· Biography
     · 1774 to 1798
     · 1798 to 1802
     · 1803 to 1806
     · 1807 to 1814
     · 1814 to 1817
     · 1817 to 1820
     · 1820 to 1823
     · 1823 to 1830
     · 1831
     · 1831 to 1833
     · 1834
     · 1834 to 1836
     · 1836 to 1838
     · 1838 to 1841
     · 1841 to 1843
     · 1843-1849
     · Recapitulation
      · Introduction
      · Definition
      · Stages
      · Table
      · Languages
      · Analysis
      · Reader's
      · recollection
      · System to study
      · Natural gift
      · Mental process
      · Literary
      · circles
      · Regrets
      * Criticisims
      · Writers
      · Conclusion
     · About the book
   · FAQ
   · Characters
   · Places
   · Highlights
   · Language table

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Home > Mezzofanti > Biography > Recapitulation > Criticisims

As to Theology, his reputation in Rome was not high. Yet his attainments, especially in moral theology, were considered respectable. The readers of Sir W. Hamilton will not look on the charge of " scholasticism " as any very grave disparagement; but I must add that neither did Mezzofanti neglect the modern divines, even those outside of Italy. With Guido Gorres he spoke of Mohler's well-known Symbolik, although it was at that period but little known beyond the limits of Germany.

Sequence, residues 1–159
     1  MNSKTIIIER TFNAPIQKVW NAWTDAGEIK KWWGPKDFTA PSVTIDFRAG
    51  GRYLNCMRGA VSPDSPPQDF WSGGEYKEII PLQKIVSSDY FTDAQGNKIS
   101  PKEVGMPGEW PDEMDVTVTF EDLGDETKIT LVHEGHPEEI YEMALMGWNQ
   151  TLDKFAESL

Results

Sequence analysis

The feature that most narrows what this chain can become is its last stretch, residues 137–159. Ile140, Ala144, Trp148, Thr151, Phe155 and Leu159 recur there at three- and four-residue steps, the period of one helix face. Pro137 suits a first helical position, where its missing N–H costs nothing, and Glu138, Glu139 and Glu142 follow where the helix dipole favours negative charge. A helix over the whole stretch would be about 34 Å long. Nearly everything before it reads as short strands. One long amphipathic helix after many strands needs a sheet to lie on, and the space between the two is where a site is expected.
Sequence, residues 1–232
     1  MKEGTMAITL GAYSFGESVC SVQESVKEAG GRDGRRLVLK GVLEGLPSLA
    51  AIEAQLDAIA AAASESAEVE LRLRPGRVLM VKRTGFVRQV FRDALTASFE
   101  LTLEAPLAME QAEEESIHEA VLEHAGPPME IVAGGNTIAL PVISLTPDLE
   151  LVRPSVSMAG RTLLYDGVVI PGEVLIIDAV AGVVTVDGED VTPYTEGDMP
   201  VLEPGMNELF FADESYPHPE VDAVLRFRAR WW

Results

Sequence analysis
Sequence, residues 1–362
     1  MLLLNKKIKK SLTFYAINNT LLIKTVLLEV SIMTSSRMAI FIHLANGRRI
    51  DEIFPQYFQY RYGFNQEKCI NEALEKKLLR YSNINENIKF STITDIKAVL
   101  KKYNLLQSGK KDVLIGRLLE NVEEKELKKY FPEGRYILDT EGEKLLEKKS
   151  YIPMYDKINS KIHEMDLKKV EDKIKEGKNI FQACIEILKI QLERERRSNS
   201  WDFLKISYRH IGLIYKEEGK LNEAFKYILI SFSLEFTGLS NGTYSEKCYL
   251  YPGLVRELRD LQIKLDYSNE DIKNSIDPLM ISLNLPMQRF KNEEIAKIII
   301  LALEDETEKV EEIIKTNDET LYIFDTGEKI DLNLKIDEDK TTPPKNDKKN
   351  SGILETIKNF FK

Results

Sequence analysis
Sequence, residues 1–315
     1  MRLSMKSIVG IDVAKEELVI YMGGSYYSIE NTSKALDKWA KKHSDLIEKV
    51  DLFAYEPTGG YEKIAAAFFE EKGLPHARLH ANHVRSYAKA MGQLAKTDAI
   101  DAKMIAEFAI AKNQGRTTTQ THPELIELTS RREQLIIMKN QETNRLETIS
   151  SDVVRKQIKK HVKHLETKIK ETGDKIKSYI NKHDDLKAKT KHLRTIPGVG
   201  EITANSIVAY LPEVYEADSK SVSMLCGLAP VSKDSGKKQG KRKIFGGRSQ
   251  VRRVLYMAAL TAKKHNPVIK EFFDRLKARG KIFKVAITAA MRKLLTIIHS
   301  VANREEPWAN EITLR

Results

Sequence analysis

As a preacher, Mezzofanti, though earnest and impressive, never was in any way remarkable. He confined himself chiefly to the duty of catechetical instruction; and in Rome his only efforts as a preacher, were the short and simple exhortations addressed to children at the time of admitting them to their first Communion—a duty of the ministry which was especially dear to him.

The truth is, that all these criticisms of Mezzofanti, and the impressions as to the superficial character of his acquirements which they embody, have emanated for the most part from casual visitors, who saw him but for a brief space, and whose opportunity of testing his knowledge was probably limited to a few questions and answers, in a language not his own ; the main object of the visit being, not to sound the depth or accuracy of his knowledge in itself, but. merely the fluency and correctness of his manner of speaking the language in which the visitor desired to try him. Whereas, on the contrary, those who bear witness to the solidity of his information and the vast range of his knowledge, are those who knew him long and intimately; who met him as a friend and companion, not as an object of curiosity, and of wonder ; and whose estimate of him was founded upon the impressions of familiar and every-day intercourse — the only safe test of character or of acquirements.

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